grappling with grades

A-F school letter grades bill passes House committee with only GOP support, goes to full House

A revised version of a controversial bill that would give every school in the state an A-F report card advanced Thursday in the state House.

The bill passed 10-3 along party lines, with two Democratic members choosing not to approve or reject the bill. If the bill is approved in the majority-GOP House, it will go to the Senate. If turned into law, the letter grades could become effective at the beginning of the 2019-2020 school year.

Instead of a single letter grade, which has been rejected by the state Board of Education in the past, the bill would give each school six letter grades based on student scores, academic growth, improvements made by English learners, graduation and chronic absenteeism rates, and the number of students who take state tests.

Critics like Tom McMillin, a Republican member of the state Board of Education, said the bill would emphasize preparation for state tests instead of encouraging students to be curious. The bill’s sponsor, Republican Rep. Tim Kelly from Saginaw County, and other supporters said holding schools accountable trumps any negative effects.

To gain more support from Democrats and others against the bill, it was revised to remove some rules about what would happen to schools identified as being in the lowest performing 5 percent in the state. Instead of the current options, including shutting schools down, the bill would create a 13-member commission to identify ways to turn the struggling schools around.

The two members of the committee who abstained from voting on the bill, Democrats Adam Zemke, representing Ann Arbor, and Stephanie Chang, representing Detroit, did not support the original bill. But the possibility of preventing the closure of low performing schools swayed Zemke not to vote against it.

“I am not going to support establishing any sort of rating system if we do not support school turnaround,” he said. “We want something constructive and positive to help out schools who are struggling rather than closing them.”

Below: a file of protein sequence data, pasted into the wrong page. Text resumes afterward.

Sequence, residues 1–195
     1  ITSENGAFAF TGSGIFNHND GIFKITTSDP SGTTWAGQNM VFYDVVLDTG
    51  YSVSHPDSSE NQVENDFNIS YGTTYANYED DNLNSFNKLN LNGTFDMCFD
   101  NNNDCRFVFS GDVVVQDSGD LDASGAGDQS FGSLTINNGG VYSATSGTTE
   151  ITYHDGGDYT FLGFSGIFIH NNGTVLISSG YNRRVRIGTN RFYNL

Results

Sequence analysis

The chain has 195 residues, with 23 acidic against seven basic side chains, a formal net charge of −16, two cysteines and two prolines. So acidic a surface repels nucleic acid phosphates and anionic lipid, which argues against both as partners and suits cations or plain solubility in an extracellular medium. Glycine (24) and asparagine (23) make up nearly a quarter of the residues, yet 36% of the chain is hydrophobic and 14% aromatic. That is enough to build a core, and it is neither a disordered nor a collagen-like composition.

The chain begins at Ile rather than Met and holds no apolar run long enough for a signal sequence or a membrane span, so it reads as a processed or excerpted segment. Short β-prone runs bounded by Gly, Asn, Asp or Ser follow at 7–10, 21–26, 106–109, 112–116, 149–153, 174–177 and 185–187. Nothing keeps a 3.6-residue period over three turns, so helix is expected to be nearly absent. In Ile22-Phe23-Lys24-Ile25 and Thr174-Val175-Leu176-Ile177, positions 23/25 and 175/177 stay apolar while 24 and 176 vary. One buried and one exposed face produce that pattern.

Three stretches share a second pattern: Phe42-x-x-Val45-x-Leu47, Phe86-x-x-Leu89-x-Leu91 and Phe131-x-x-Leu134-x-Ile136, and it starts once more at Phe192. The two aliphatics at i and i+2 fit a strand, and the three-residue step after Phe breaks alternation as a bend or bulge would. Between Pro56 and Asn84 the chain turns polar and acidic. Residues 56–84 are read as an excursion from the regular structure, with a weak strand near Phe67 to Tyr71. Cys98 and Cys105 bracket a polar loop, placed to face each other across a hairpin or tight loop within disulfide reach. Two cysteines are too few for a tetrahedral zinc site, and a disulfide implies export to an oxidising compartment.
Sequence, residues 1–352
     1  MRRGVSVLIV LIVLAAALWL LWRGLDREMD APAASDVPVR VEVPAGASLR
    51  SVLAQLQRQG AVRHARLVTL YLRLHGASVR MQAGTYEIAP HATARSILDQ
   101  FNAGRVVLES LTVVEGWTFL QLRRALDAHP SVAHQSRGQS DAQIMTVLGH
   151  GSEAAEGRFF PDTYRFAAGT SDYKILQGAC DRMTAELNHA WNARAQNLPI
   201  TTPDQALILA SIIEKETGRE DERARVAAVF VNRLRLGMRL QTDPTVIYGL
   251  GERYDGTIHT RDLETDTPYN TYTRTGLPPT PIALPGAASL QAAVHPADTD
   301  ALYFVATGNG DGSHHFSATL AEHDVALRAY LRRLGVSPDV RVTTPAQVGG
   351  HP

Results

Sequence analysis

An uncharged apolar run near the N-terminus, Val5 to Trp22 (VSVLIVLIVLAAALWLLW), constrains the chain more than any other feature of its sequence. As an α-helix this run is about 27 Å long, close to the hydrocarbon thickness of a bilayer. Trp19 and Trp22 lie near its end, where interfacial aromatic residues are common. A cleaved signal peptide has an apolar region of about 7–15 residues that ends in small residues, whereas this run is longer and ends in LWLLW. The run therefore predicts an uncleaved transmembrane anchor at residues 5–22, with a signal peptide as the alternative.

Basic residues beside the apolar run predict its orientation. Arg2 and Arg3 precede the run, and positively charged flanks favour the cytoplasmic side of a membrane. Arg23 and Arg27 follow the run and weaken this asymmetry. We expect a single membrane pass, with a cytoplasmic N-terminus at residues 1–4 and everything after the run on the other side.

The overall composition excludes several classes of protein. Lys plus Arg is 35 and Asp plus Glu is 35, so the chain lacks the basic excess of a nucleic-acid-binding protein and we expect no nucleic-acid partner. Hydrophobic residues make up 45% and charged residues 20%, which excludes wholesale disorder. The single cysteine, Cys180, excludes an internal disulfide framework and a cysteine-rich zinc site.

While Rep. Kelly’s changes have appeased some, others like McMillin are not convinced.

“Allowing unelected political appointees to decide the direction schools will be forced to focus on to get better (through very arbitrary) grades and not get shut down is outrageous, but not surprising from people who also recently voted to try to eliminate the elected state board of education,” McMillin said in an email.

He called the A-F school letter grades “bogus.”

The grades allow “unelected bureaucrats to decide the focus of instruction in our schools, and will inhibit schools from advancing the qualities students will need for the future,” he said.

Charter leaders and advocates have expressed support for the A-F letter grades because they believe the system would allow parents to see quickly and easily which public schools, traditional or charters, are best-performing.

The A-F ranking system has been a divisive issue, with others viewing it as too simplistic because it doesn’t necessarily take into account factors like poverty that would impact student performance.

listening tour

These parents won’t stop chipping away at literacy and the language barrier in Detroit schools

PHOTO: Erin Einhorn
Parent groups have already demanded that the Detroit district hire more bilingual staffers. On Tuesday, it was clear that the same problems exist at charter schools.

If you think it’s hard to navigate Detroit’s troubled school system, try doing it when no one speaks your language.

The latest stop on Chalkbeat Detroit’s listening tour took a parent’s-eye-view of the obstacles facing English language learners, who graduate from high school at lower rates than their English-speaking peers.